After the General Fund, the Utilities Fund makes up the next largest portion, or just over a quarter percent, of the budget. Public Utilities Director Allison Kraft said there would likely be no water or sewer rate increase for the next five years. A water and waste water comprehensive master plan has been approved and will give the department a road map for future projects to try and stay ahead of development and growth, Kraft said.

Hemann will likely present the proposed budget to the Board of Commissioners at its next virtual meeting Monday, May 18.

No date has been set for a public hearing or when the Board of Commissioners could vote on the budget.

A budget must be approved by the board by June 30.

Here are presentation highlights from the public safety, utilities, stormwater and public services departments.

PUBLIC SAFETY

Police

The numbers:

» Police Administration: $13.1 million, up $499,221 from last year

Plan highlights:

» Two police tele-communicator positions request

» Reclassification of a police detective to a police sergeant

» Custodian position moved to park services department

» Axon body/in-car camera and taser replacements (year two of five)

Fire

The numbers:

» Fire Suppression: $10.9 million, down $299,367 from last year

Plan highlights:

» Three firefighter positions

» Replacement of three staff/support vehicles

» Design of Fire Station 7

UTILITIES

The numbers:

» Water Sewer Administration: $20.4 million, up $1.9 million from last year

» Meter Reading: $832,567, down $210,390 from last year

» Line Maintenance: $3.6 million, down $2.5 million from last year

» Pump Maintenance: $2.4 million, up $953,994 from last year

» Water Treatment: $3.2 million, up $363,299 from last year

» Wastewater Treatment: $4.1 million, up $483,493 from last year

Plan highlights:

» Transfer to Wiggins Road pump station and pipelines project

» Reduction in capital requests and meter and ERTS purchases

» Hydraulic boring rig and Bobcat Skidsteer

» Replacement of crane truck, Northside pump station bar screen, South Iredell pump station bar screen and wet well rehab, Reed Creek wet well rehab

» Requested position — water treatment plant operator trainee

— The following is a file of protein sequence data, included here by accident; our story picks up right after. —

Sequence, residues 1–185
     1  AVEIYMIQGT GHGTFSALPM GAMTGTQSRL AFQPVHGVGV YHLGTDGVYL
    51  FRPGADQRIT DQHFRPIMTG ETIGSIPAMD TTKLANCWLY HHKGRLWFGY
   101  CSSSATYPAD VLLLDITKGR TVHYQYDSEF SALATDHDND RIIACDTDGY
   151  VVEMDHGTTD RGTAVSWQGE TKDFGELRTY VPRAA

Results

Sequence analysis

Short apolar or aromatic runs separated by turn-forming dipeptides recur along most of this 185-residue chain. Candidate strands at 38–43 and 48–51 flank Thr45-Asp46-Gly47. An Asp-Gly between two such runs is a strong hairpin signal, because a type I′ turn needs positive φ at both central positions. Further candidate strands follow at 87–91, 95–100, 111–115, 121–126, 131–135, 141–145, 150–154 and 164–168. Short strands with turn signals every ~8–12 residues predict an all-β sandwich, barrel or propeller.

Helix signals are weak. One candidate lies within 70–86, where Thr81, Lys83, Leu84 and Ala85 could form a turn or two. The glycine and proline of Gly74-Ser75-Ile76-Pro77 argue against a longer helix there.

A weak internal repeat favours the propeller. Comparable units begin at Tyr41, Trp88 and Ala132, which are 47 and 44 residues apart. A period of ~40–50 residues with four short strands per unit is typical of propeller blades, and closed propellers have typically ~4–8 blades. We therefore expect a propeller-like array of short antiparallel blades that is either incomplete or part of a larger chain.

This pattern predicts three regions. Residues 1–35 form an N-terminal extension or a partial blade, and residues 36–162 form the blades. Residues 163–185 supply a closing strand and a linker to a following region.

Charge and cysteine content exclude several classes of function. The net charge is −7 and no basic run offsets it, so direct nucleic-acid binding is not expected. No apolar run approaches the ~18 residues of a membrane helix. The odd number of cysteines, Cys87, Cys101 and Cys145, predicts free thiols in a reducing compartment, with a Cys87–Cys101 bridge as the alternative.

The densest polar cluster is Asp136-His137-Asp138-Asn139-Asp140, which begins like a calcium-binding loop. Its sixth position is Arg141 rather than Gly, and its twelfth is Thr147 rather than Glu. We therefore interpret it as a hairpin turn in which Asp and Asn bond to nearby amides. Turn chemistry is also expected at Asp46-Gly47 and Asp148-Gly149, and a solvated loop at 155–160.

» Filter rehab at Plant II

» Fencing and access gate at Plaza Drive and Exit 33 tanks

» Replacement skid steer, process modeling study, hopper cover, clarifier resurfacing and rehab, effluent filter disk replacement

STORMWATER

The numbers:

» Stormwater: $1.6 million, up $64,824 from last year

Plan highlights:

» Requested position of maintenance technician II

» Mini excavator

» Mill Village stormwater infrastructure improvements

» Curb and gutter replacements

PUBLIC SERVICES/WORKS

The numbers:

» Public Service Administration: $1.4 million, down $47,433 from last year

» Engineering: $1.1 million, up $342,947 from last year

» Sanitation: $2.6 million, up $240,055 from last year

» Streets: $5.1 million, up $166,153 from last year

» Fleet Maintenance: $1.1 million, down $114,933 from last year

» Facility Maintenance: $826,024, up $70,507 from last year

Plan highlights:

» Administrative assistant position moved from Allegiance to direct hire part-time, seal and strip from parking lot at Operations Center

» Traffic study for Langtree Road area, East-West Connector phase II preliminary design, Langtree/N.C. 115 intersection improvements, 50 percent match for widening of Brawley School Road relocated into Board of Commissioners’ budget

» Skidsteer, backhoe, resurfacing program

» Requested positions of sanitation technician and sanitation equipment operator I, replacement side loader and new rear-loader

» Tire machine for heavy side

POWELL BILL (GAS TAX):

The numbers:

» $1.1 million, up $68,599 from last year

Plan highlights:

» Street resurfacing.

Editor’s note: This is the second part of the Tribune’s recap of Mooresville’s proposed 2020-21 fiscal year budget.